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### Causal reasoning in Biomedical Informatics

Chitta Baral

Professor

Department of Computer Science and Engineering

chitta@asu.edu

Causal connection versus Correlation

- Rain, Falling Barometer: They usually have a 1-1 correspondence
- Does falling barometer cause rain?
- Does rain cause falling barometer?
- Rain and Mud:
- Does rain cause mud?
- Smoking and Cancer:
- Does smoking causes cancer?
- What causes global warming?

Simpson’s Paradox (cont.)

- Summary
- 60% of males who took drug recovered
- 70% of males who did not take drug recovered
- 20% of females who took drug recovered
- 30% of females who did not take drug recovered
- 50% of people who took drug recovered
- 40% of people who did not take drug recovered
- Paradox:
- If we know a patient is male or a female then we should not give the drug!
- If we do not know the sex then we should give the drug!

Why the Simpson’s Paradox

- From the given data we can calculate the following
- P(recovery|took drug, male)
- P(recovery|took drug, female)
- P(recovery|too drug)
- We should be calculating the following
- P(recovery| do(drug), male)
- P(recovery| do(drug), female)
- P(recovery| do(drug) )

Causality: story and questions

- Story: In a group of people, 50 % were given treatment for an ailment and 50% were not. Of the 50 % in both the treated and untreated group, 50 % recovered and 50 % did not.
- Joe, a patient took the treatment and died.
- What is the probability that Joe’s death occurred due to treatment?
- Or, what is the probability that Joe, who died under treatment, would have lived had he not been treated?
- Can we answer these questions from the above story?
- No?
- Why not?

The probability distribution

- X =1

treatment was given

- X = 0

treatment was not given

- Y = 1

patient died

- Y = 0

patient recovered

Causal Model 1 of the story

- The model
- U1: a variable that decides treatment; U2: a variable that decides if someone will die
- X, Y: treatment given, patient died
- X U1 (X = U1)
- Y U2 (Y = U2)
- P(U1) = 0.5 P(U2) = 0.5. leads to the same probability table
- Observation: Joe took the treatment and died.
- X = 1 and Y = 1. Thus U1 = 1 and U 2 =1.
- Question: What is the probability that Joe would have lived if he had not taken the treatment.
- We do X= 0. Find P( Y = 0 | do(X=0))?
- Y = U2 = 1 (regardless of the value of X and U1)
- Hence P( Y = 0 | do(X=0)) = 0. (Joe would have died anyway.)

Causal Model 2 of the story

- The model
- U2: A genetic factor which if present, kills people who take the treatment and if absent kills people who do not take the treatment
- U1, X, Y: decides treatment, treatment given, patient died
- X U1 (X = U1)
- Y U2 Y X (Y = X*U2 + (1-X)(1-U2) )
- P(U1) = 0.5 P(U2) = 0.5. leads to the same probability table
- Observation: Joe took the treatment and died.
- X = 1 and Y = 1. Thus U1 = 1 and U 2 =1.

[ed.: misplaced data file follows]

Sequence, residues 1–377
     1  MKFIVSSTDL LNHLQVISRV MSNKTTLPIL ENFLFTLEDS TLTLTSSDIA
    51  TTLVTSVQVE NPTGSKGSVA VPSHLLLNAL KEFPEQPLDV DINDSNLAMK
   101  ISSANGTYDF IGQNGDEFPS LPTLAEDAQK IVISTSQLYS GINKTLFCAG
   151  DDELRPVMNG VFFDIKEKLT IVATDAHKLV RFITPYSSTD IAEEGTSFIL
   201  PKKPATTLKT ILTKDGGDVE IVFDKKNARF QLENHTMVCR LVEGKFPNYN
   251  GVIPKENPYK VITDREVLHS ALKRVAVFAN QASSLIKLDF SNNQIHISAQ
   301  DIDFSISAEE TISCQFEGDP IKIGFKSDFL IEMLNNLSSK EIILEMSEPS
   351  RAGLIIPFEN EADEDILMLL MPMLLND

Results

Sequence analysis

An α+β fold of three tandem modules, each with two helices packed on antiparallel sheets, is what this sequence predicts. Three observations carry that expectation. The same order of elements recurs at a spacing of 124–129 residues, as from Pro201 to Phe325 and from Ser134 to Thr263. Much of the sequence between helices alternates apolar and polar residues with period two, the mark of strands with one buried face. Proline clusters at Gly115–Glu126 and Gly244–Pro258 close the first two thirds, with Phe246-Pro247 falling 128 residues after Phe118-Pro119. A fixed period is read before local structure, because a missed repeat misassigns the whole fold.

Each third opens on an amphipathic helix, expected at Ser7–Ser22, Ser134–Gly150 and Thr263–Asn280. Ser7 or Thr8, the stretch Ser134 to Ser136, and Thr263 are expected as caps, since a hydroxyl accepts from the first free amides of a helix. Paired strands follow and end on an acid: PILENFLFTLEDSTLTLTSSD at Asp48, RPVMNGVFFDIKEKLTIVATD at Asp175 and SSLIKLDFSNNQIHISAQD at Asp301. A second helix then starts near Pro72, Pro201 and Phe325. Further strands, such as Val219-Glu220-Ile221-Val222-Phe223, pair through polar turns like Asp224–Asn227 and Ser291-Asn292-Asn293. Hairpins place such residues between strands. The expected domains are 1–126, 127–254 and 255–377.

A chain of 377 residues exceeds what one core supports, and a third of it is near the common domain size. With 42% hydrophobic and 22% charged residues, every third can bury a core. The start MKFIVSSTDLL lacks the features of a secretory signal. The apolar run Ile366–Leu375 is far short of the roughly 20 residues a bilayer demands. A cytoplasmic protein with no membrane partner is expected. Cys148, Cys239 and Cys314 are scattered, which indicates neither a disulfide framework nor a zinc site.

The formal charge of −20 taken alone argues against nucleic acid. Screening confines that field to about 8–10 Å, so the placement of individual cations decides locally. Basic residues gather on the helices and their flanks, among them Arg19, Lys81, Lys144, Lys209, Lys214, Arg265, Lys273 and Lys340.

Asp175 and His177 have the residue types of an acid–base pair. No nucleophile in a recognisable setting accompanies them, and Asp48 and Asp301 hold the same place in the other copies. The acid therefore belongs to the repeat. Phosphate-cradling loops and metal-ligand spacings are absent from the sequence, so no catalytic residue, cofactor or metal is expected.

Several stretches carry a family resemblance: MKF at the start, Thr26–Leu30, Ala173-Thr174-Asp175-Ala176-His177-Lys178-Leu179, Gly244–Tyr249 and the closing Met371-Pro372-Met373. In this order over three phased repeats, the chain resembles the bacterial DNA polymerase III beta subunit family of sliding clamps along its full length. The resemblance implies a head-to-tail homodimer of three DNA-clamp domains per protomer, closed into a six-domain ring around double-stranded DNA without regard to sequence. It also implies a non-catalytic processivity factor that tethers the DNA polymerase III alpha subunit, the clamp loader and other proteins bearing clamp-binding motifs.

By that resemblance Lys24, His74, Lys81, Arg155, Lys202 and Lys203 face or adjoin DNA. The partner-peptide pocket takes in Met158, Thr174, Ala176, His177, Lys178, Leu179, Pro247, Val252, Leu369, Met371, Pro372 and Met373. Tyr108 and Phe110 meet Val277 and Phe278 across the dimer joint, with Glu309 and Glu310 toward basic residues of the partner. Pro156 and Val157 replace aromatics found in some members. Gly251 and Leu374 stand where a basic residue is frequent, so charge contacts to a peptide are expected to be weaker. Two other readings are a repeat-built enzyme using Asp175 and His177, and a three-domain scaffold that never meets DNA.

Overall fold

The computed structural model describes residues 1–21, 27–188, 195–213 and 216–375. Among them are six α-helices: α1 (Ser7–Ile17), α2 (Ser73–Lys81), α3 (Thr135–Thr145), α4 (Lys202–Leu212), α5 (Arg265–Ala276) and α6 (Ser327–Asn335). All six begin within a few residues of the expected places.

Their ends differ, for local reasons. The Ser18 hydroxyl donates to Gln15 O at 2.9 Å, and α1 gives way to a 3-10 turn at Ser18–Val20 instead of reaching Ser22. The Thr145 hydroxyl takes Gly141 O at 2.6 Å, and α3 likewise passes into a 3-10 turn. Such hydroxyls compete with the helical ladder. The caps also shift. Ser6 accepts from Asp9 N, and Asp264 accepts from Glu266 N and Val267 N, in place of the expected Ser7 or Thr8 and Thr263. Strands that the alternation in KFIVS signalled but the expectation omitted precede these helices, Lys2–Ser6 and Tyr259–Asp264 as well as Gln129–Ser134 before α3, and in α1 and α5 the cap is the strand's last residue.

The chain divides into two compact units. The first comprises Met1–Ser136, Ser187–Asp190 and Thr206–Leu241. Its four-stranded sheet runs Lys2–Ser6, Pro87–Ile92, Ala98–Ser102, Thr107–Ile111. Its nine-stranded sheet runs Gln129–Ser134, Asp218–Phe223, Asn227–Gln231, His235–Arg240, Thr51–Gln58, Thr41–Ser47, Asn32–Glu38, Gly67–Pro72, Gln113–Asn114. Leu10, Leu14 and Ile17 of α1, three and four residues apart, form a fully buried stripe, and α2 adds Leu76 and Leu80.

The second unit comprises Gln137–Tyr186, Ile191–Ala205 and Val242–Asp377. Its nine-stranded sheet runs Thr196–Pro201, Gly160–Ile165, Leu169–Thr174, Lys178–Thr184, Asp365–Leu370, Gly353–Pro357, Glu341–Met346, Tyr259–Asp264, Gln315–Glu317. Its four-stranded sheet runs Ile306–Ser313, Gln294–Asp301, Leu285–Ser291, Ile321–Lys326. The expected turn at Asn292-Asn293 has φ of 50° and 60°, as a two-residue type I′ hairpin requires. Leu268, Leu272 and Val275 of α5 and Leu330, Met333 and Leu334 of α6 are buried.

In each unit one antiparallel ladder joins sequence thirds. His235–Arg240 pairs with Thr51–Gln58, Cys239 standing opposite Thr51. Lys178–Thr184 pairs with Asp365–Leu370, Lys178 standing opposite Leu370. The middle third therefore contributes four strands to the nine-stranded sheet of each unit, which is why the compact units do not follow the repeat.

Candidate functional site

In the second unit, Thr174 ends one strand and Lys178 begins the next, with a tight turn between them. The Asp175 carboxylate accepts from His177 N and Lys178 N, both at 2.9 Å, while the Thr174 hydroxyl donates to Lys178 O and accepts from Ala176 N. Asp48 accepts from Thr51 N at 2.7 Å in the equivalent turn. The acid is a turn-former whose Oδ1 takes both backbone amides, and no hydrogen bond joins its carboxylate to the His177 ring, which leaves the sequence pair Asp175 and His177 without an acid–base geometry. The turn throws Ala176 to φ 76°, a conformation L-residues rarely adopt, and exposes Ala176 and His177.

- Question: What is the probability that Joe would have lived if he had not taken the treatment.
- We do X= 0. Find P( Y = 0 | do(X=0))?
- Y = 0 * 1 + (1-0)(1-1) = 0
- Hence P( Y = 0 | do(X=0)) = 1. (Joe would not have died.)

Summary of the story

- There are at least two causal models which is consistent with the data (50% of …)
- In model 1 Joe would still have died if he had not taken the treatment.
- But in model 2 Joe would have lived if he had not taken the treatment.
- Moral:
- Causal models are the key.
- Just statistical data is not much useful.
- Multiple causal models may correspond to the same statistical data.

Causal relations in molecular biology

- Certain proteins (transcription factors) regulate the expression of genes
- One protein may inhibit or activate another protein or another biochemical molecule
- Catalysts in metabolic reactions

Sources: http://www.ornl.gov/sci/techresources/Human_Genome/graphics/slides/images/REGNET.jpg

How do we get causal models?

- Traditional approach
- Knockout genes (too slow)
- Temporal or time series data
- Not feasible for human cells
- Can we infer causal information from steady state data?
- To some extent

Suppose we have 3 variables A, B, and C obtained from the data that:

- A and B are dependent.
- B and C are dependent.
- A and C are independent.

Think of A, B and C that satisfy the above.

C

B

Example (cont.)Most likely your interpretation of A, B and C would satisfy the causal relations A B C as shown below.

Causal model

- Causal structure: a directed acyclic graph (DAG)
- Causal model: Causal structure with parameters (functions for each variables with parents, and probabilities for the variables without parents)

Conditional independence and d-separation

- X and Y are said to be conditionally independent given Z if P(x | y, z) = P(x | z) whenever P(y, z) > 0.
- d-separation: A path p is said to be d-separated by a set of nodes Z if
- p contains i m j or i m j and m is in Z or
- p contains i m j and neither m nor any of its descendant is in Z.
- Z is said to d-separate X and Y if every path between a node in X and a node in Y is d-separated by Z

Observationally equivalent

- Two directed acyclic graphs (DAGs) are observationally equivalent if they have the same set of independencies.

Alternative Definition: